I can see brush strokes on a dining table from a previous application of polyurethane.
I want to sand these and re-apply polyurethane. I do not know whether the previous application was a water-based or oil-based product.
What should I do?
The general answer to your question is yes, you can apply one over the other - with a caveat - since oil and water don't mix you'll need a sealer coat in between the two. Shellac works well because it binds to water-based and oil-based polyurethanes while keeping the two separated. Of course, wait for each coat to dry before applying the next one.
As far as your specific situation though, it sounds like you intend to sand the runs out anyway, so it wouldn't hurt to strip/sand all the way down to the bare wood and start fresh so you don't have to worry about how each layer affects the others. If you have the patience to clean everything and start from scratch, it's always nice to know what went into your finish so you can easily maintain it in the future.
Without seeing how deep the brush marks are, it is hard to advise if a simple sanding or more drastic stripping is needed. If they are fairly superficial, I'd try sanding with 150 grit paper on a DA or vibe type sander first. If it seems like it's gonna take sanding all the way to the wood to get rid of the marks, then stripping may be easier.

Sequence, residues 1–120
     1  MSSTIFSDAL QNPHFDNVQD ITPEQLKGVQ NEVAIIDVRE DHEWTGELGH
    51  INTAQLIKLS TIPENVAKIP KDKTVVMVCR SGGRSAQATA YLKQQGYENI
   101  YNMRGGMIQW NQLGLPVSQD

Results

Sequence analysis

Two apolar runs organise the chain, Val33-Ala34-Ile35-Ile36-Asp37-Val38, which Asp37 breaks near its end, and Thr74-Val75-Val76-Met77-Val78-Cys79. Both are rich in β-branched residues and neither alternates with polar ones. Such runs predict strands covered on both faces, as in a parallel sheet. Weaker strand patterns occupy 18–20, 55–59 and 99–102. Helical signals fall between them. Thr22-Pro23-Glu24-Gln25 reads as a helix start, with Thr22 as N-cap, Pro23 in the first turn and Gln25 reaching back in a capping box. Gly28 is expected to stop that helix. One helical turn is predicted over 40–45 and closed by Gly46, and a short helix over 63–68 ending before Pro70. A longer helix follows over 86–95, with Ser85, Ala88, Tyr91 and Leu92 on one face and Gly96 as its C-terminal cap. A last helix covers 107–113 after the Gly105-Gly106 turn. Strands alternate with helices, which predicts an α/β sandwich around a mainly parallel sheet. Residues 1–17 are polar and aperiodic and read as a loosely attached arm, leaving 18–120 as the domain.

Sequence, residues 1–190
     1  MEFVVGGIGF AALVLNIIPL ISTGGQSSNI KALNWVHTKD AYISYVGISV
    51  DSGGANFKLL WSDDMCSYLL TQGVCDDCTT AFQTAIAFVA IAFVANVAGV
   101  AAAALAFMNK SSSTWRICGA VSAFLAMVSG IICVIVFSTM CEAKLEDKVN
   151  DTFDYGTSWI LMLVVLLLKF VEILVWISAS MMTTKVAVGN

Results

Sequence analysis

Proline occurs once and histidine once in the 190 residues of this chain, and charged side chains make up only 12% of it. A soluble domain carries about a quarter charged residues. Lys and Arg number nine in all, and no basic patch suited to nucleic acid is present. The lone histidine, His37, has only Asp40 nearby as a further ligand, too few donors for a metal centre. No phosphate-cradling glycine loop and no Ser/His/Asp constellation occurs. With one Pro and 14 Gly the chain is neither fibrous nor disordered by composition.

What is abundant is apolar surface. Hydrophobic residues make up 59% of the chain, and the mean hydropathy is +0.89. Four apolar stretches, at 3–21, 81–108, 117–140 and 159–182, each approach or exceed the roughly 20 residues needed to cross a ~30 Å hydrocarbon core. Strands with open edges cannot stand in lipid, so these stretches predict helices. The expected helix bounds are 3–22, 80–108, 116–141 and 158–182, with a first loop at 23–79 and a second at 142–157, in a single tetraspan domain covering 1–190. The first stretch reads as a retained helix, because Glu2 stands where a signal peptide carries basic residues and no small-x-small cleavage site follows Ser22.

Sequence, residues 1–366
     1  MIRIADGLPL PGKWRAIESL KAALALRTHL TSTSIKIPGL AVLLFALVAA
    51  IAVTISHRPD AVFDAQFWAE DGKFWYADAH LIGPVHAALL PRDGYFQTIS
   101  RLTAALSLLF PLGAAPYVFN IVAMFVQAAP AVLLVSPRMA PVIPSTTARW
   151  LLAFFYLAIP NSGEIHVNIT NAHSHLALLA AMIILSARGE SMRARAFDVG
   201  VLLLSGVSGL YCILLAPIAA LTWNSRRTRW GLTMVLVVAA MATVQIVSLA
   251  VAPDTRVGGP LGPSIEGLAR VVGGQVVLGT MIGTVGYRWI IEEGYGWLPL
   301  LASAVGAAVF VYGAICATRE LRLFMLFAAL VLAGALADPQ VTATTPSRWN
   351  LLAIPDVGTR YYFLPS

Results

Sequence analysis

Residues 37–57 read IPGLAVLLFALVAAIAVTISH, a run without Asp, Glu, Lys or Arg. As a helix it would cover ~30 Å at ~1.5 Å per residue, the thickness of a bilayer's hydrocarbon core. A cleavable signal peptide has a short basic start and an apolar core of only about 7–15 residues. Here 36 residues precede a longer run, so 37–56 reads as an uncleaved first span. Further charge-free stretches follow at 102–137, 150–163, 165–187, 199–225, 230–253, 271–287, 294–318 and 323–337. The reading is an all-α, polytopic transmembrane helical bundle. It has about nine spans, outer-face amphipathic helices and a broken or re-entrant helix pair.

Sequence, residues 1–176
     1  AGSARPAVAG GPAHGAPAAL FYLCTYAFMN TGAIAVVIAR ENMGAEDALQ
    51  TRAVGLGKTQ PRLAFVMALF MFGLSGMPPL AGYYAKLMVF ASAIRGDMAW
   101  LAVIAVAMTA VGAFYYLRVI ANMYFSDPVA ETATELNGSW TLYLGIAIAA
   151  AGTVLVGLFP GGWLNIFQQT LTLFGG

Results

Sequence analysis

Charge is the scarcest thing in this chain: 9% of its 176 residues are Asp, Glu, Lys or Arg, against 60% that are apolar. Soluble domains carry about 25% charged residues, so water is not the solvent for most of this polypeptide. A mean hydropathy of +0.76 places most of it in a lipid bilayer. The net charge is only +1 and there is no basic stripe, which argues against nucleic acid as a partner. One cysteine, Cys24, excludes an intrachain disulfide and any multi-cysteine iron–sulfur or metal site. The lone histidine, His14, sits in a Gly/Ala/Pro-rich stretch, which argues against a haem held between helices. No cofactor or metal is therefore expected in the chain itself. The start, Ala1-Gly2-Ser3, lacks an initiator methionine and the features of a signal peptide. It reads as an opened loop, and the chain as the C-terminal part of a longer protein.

As far as what type of urethane to use. I usually prefer oil based because it gives a deeper coat and usually only needs 3 or 4 coats for a really nice finish. The down side of oil based is that it takes longer to dry, can smell a bit and must be applied smoothly to avoid those brush marks. I almost always use a high density foam brush for small pieces. Apply it, smooth it quickly and don't overwork it. Always sand lightly with 220 or finer paper between coats.
Water based urethanes are easy to use, clean up after and dry fast. They are very thin (watery) and tend to be much more self leveling than oil based. The big disadvantage of water based urethane is that it takes three coats to give the same depth and look as one coat of oil. I did a bar with water based for a customer once, and it took 15 coats to give the look they wanted. So I determined that water based was fine for protection and utility use, but oil is best suited for furniture and surfaces where looks and durability count.
Just did a little research: http://woodworking.about.com/od/finishing/p/polyurethane.htm
I couldn't find out whether it needs to be the same as the previous application. IMHO, I don't think it needs to be the same, unless you're trying to match how it looks with other parts of the table.
I would decide based on:
What you will want to do is to get a polyurethane stripper with brush, a pair of rubber gloves, a scraping tool, fine grit sandpaper (200), a clean cloth, and a well ventilated room.
Start by applying the polyurethane stripper liberally and evenly over the wood using the brush. Let it stand for about 5 minutes or whatever the directions instruct you to do.
Using the scraping tool, gently scrape off the polyurethane in the direction of the wood grain, taking care to remove the scrapings as you go along using a clean cloth.
Once the scraping is completed, lightly sand the wood in the direction of the grains until the surface is smooth.
You're now ready to apply the finish of your choice, whether it be polyurethane, a stain, or paint. :)